Why posting threads that you can hear differences in cables is ridiculous.

Discussion in 'Archived Threads 2001-2004' started by Jim A. Banville, Feb 27, 2002.

  1. Jim A. Banville

    Jim A. Banville Supporting Actor

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    Because unless you plan on putting you money where your mouth is and doing something to prove your assertion other than talking about it, you're accomplishing nothing but filling up space on an internet forum (just like this thread is doing).
     
  2. Phil A

    Phil A Producer

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    Jim - didn't we have enough of this on the prior thread? I posted a couple of replies. One to explain that a digital cable does not transmit bits and the other to indicate that was not going to accomplish anything. As I recall, the original thread started with the premise that there are no differences. I stay out of such debates even though to me it is totally silly to make a statement that cables won't make a difference. Everything will make a difference, although all of it won't be audible or measurable. Certain components and speakers are more sensitive to changes than others. How would one go about measuring sound stage depth and height given all the variables in different systems and different rooms (which can have a huge impact on the sound). If one were to go to your local Walmart and get the specs off a cd player it would be substantially the same as a $20,000 Linn CD-12 or other high end CD player. The same can be true of amplifier ratings. Due to FTC measuring guidelines a mid-priced receiver make be rated at 120W per channel into 8 ohms from 20-20,00HZ with an unmeasurable amt. of THD. So is a Bryston 3B-ST. Without making this a book, can't we just discuss equipment, tweaks, etc. pros and cons and if someone wants to say something does or does not make a difference not feel the need to be right or wrong and let them have their say and opinion.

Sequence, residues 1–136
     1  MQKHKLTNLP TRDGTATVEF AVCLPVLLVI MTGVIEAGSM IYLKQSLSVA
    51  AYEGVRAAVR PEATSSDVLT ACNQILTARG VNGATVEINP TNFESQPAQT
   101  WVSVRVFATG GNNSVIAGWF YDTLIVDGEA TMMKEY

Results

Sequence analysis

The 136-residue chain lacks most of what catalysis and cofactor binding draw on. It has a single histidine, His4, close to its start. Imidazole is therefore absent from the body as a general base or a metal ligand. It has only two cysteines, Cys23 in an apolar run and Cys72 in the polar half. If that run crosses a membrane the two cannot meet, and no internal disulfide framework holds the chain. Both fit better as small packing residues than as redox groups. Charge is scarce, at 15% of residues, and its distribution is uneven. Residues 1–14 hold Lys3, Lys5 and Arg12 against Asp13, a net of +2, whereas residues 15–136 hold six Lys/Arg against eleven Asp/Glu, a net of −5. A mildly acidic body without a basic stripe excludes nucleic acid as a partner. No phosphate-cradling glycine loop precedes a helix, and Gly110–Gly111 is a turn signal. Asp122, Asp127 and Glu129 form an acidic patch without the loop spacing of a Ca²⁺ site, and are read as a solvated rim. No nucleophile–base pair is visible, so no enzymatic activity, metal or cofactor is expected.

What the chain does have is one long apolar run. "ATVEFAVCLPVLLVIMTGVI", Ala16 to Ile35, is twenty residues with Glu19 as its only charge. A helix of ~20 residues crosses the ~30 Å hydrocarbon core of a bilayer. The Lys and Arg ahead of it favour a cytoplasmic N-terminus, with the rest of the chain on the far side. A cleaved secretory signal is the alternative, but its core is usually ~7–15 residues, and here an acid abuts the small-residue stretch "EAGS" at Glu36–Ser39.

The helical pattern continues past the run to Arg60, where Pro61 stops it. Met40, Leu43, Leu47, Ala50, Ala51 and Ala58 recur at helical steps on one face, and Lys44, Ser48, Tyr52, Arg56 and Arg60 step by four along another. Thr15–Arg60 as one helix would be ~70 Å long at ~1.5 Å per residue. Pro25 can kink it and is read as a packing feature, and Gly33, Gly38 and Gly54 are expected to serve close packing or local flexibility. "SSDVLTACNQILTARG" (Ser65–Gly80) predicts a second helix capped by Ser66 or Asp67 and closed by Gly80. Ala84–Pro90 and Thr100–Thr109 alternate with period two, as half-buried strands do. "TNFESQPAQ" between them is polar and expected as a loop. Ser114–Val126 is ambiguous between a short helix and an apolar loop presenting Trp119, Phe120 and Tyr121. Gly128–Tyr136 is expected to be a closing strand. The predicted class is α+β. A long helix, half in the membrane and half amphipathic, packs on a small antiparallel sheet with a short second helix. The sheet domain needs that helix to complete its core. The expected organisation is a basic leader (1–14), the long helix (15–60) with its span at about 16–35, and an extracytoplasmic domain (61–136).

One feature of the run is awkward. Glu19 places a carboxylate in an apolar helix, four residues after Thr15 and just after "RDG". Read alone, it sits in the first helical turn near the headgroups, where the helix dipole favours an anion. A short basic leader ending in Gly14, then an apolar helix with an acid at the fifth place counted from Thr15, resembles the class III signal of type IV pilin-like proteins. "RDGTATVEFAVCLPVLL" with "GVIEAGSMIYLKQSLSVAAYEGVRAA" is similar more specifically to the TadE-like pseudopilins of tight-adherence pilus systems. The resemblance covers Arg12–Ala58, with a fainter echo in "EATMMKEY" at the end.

3. Mike Knapp

    Mike Knapp Supporting Actor

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    No, what would be ridiculous would be posting a thread that said everyone else would hear a difference. Saying I can hear a difference is not only acceptable, but would also be true! [​IMG]
    Mike
     
  4. Kevin Coleman

    Kevin Coleman Second Unit

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    I have to agree with Jim,
    It would be like me posting that since I prefer a Whopper over a Big Mac it is a better product and anything else is not up to it's standard. It is way too subjective for that. Once a cable is up to a certain quality standard then any preferences for one cable over another are only subjective and not valid at all for other people. So why post them?
    Kevin C. [​IMG]
     
  5. Adil M

    Adil M Supporting Actor

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    I smell bait.
     
  6. Jim A. Banville

    Jim A. Banville Supporting Actor

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  7. Jim A. Banville

    Jim A. Banville Supporting Actor

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    The Whopper/BigMac analogy doesn't work. The taste of the burger is the "signal". A wire is a tool. You shouldn't be able to "taste" the tool. Should a fork from Wendy's make KFC's mashed potatoes taste diffeent than KFC's own famous "spork"? Actually a BigMac is WAY more complicated to construct than a perfectly adequate audio/video cable [​IMG]
     
  8. Phil A

    Phil A Producer

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    Jim - I totally respect the fact that you have an opinion based on your experience. I am not looking or an argument. I am totally happy to be considered a few fries short of a Happy Meal or whatever anyone wants to think. I too have experiences based on over 30 years and too many pieces of equipment and types cable to count. So leave me to my straight jacket.